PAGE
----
Hard hats to fundraising

Two of the 33 Chilean miners have put on their fundraising hats to promote the upcoming National Folkloric Ballet of Chile (BAFONA) tour across Canada.

Rescued miners Omar Reygadas and Franklin Lobos, a former Chilean soccer player, are endorsing the Canadian tour which is raising funds to rebuild a school that was destroyed by the Chilean earthquake in February 2010.

Sponsoring the miner’s seven-city tour is ATCO Structures & Logistics and the organization Together for Chile, which was formed by a group of Canadians in Calgary following the deadly earthquake. With a mandate to provide safer communities for the affected families through the reconstruction of schools in the most quake-ravaged areas, the organization teamed up with The Calgary Foundation and Habitat for Humanity with the goal of building a school in south Chile.

Together for Chile then met with Chilean government officials last June with the idea of bringing the popular BAFONA performances to Canada to raise money. They created BAFONA Canadian Tour 2011.

For the first time, the flamboyant dancers and musicians will perform across Canada in seven cities: Edmonton, Calgary, Vancouver, Quebec City, Montreal, Ottawa, and Toronto. 

BANFONA will hit Toronto’s Sony Centre for the Performing Arts on Oct. 19. The troupe has been performing since 1965, attracting over 13 million spectators in more than 600 cities.

“We feel very elated, and happy and proud to be a part of this noble event to reconstruct a school in the south of Chile that will benefit the community directly,” said Reygadas though a translator at a press conference in Toronto.

“I’m very proud to be a part of this campaign and to help reconstruct a school in Chile, and to witness that Canada has been a welcoming place for many many Chileans,” added Lobos through the translator. “I wish that all the Chileans community as well as the Canadian community and the Latin American communities can come to support the event. Come and see the beautiful show, which is an expression of Chilean identity, and to support the reconstruction of Chile after the earthquake.”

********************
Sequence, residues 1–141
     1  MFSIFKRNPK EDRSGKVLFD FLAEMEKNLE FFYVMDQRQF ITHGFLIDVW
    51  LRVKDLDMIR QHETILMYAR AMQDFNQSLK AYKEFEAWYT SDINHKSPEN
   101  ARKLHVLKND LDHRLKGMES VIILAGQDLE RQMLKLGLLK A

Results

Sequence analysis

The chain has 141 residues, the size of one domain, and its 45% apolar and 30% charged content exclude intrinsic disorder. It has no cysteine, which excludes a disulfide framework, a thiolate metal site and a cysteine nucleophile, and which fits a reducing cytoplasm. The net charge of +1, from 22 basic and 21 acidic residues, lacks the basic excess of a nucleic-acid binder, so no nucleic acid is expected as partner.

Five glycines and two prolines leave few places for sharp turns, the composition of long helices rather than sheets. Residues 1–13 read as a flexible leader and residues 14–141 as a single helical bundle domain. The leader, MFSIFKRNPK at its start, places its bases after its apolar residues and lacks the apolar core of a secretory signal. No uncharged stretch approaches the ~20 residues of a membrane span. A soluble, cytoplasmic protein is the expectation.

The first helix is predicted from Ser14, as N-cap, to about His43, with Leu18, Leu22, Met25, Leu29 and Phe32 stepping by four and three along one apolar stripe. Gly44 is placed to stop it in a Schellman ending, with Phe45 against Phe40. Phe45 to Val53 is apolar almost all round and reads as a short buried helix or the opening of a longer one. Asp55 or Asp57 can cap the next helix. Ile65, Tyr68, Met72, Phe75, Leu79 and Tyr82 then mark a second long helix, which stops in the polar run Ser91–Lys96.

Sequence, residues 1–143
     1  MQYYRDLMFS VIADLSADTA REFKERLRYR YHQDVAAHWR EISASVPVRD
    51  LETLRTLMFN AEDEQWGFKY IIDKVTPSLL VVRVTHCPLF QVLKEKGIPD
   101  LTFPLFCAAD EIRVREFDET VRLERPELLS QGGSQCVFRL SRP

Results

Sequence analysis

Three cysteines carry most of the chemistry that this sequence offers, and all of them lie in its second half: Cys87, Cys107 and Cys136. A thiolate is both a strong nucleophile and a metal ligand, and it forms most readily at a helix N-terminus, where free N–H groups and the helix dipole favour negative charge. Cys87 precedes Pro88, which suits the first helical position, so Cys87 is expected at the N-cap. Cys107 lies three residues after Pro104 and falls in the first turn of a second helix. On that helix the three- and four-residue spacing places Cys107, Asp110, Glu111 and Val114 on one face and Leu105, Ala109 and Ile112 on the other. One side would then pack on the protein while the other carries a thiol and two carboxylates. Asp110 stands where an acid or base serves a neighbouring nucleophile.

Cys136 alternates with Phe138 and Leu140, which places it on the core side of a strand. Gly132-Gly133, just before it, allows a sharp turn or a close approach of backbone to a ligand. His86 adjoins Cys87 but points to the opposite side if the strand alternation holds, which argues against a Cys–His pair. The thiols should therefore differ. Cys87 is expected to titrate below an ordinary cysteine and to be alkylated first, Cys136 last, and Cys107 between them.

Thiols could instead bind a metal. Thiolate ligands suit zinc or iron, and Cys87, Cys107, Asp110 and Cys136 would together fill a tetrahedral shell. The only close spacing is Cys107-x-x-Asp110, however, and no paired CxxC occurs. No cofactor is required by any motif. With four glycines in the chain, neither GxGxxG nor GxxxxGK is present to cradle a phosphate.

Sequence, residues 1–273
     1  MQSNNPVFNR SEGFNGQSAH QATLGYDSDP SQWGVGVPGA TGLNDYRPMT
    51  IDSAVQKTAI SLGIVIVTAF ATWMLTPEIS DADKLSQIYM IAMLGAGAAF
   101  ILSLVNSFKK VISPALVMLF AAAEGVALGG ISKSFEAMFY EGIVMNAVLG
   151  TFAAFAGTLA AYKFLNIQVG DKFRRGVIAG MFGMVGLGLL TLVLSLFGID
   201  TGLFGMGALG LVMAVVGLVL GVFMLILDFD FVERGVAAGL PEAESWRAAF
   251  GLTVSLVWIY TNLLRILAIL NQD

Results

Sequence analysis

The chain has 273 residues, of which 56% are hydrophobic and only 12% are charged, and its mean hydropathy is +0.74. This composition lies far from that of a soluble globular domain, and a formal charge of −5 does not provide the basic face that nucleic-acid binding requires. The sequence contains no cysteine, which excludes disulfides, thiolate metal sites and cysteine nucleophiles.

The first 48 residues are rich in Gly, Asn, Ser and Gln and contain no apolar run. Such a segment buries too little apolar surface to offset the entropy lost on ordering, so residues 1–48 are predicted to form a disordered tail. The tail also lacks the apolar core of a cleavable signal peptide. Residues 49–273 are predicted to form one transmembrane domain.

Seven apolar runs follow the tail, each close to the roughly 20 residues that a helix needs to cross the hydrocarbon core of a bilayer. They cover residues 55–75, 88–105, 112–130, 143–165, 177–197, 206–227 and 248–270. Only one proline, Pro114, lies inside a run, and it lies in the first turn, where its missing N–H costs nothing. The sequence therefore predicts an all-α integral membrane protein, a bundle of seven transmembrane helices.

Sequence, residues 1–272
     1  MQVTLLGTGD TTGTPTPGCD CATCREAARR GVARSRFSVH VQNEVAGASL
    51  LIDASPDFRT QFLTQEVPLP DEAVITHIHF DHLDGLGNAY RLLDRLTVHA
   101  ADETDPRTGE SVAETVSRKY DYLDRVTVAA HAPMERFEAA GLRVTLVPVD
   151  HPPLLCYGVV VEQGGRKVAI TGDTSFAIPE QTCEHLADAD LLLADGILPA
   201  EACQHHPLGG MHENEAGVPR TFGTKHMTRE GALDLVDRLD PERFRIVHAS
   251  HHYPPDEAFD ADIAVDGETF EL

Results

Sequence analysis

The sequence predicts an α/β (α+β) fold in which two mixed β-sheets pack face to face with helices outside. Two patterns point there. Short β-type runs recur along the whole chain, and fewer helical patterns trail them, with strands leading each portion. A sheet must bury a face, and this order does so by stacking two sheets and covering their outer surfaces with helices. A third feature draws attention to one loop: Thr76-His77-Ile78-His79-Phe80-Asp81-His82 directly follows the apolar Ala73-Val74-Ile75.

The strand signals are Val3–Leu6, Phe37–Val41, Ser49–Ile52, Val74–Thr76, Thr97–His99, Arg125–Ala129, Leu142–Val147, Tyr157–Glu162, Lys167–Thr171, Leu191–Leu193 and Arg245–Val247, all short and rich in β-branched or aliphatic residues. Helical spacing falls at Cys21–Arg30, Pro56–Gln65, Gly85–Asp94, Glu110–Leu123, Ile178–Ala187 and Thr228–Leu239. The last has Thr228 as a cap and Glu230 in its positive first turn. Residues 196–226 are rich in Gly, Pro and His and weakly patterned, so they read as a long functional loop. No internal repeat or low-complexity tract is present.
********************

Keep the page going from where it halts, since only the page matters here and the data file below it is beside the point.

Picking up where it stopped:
ATCO’s South American joint-venture company donated the 33 modular units that were used for medical evaluations and family receptions after the October rescue.

Year in review

It has been almost a year since the 33 miners were rescued after spending about 69 days trapped at the San Jose copper-gold mine near Copiapo. The rescue efforts captivated millions as uncertainty mixed with hope turned into a successful rescue mission as the miners were hoisted to freedom.

 “We were pretty anonymous before the accident,” said Reygadas. “After the accident, we had the opportunity to travel around the world and to meet different people, and to be somehow famous,” commented the 56-year-old, who has spent 30 years as a miner and was the bulldozer operator at the time of the accident.

“Life has definitely changed for good,” said Lobos, who retired from soccer in 1995, and became a miner in 2005. The 53-year-old started working at the San Jose mine just three months before the mine workings collapsed on Aug. 5, 2010, and left the men 631 metres underground.

He explained the miners are “very happy to be with family and very grateful” but are hurt when people suggest they are greedily cashing in on their fame.

In reality, almost half of the men have been unemployed since the disaster, according to an Aug. 4, 2011, article by the Associated Press, which reported the group has filed negligence lawsuits of US$10 million against the bankrupt mine’s owners and are requesting US$17 million from the Chilean government for not enforcing safety regulations. But payout if any is years away.

Lobos and Reygadas both agree the one thing they would like to improve in the industry is safety to prevent mine accidents and to avoid suffering to a miners’ family.

“The biggest pain we felt when we were trapped down in the mine was knowing that our families were suffering very much,” said Lobos, a father of three. “When we are asking for more supervision to prevent accidents like these, it’s to avoid the pain the family of the miners can experience when accidents like these happen.”

What kept Lobos and Reygadas going during the darkest hours was a concoction of hope, faith and teamwork.

“The brotherhood prevailed,” said Reygadas, a father of six, a grandfather to 14 and a great-grandfather to four, who emerged as a leader among the trapped miners. Reygadas adds that he and Lobos keep in touch with the others and have a group called “Los 33.”

That is also the title of the upcoming movie based on the 33 miners. Reygadas says they are asking the producers to keep the tone serious and the plot as realistic as possible in conveying a message of love, hope and generosity. Production is set to start in early 2012.

Hector Tobar, a Pulitzer Prize-winning journalist and author, is writing the official book on the miners’ story.  


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